There are all sorts of debates about architecture. Should houses in a neighborhood all look similar to give the area a sense of cohesion? Is a diversity of styles more desirable? Is the architecture of the past best? Should architecture be more concerned with the future instead? Is architecture about art? Functionality? A building’s relationship to its surrounding environment? Its climate? All of the above?
Sarasota residents love to engage in hearty debates about our fair town/city, and issues surrounding architecture and development are always hot button. Our own neighborhood, Laurel Park, has seen sweeping changes over the past several decades, and is constantly working to find the right balance of development and preservation, of urbanism and village life, of past and future. An article that might be of interest to locals who find themselves concerned with these things is excerpted below…
Something we see every day falls into the background and becomes part of the mundane. We drive down familiar roads, past the same buildings and rarely notice the things that amazed us the first time we saw them. I hate to upset my artist friends but that also happens with art.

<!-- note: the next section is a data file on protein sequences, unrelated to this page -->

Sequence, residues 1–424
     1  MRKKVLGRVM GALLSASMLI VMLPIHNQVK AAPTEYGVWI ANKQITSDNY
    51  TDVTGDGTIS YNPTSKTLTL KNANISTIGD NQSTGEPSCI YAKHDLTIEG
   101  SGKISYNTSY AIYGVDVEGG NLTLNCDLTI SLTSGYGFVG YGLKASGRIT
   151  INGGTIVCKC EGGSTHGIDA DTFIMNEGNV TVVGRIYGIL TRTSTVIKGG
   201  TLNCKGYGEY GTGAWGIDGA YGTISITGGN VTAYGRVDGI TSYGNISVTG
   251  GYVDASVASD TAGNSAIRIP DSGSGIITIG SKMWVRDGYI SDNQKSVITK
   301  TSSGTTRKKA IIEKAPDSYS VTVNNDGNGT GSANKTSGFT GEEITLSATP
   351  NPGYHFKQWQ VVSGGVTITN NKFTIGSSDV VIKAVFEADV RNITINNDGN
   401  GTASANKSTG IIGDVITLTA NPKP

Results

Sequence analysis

Recently a friend of mine did an extensive remodel of his apartment. I know that he is an art lover so I wondered if he was going to buy some new art to go with his updated decor. “No. My friend Kenny has a warehouse full of his art that he is tired of and has had in storage for so long so he said that I should just go in there and use what I want.” Original works of art, costing thousands of dollars losing their impact and being put in storage is just part of what it means to be a work of art, except in architecture.
What happens when you can’t take that art down? What happens when the piece of art is a monster-sized structure that dazzled the eye because of its size, but now fades into the background? Can the next generation of users adapt it to their needs?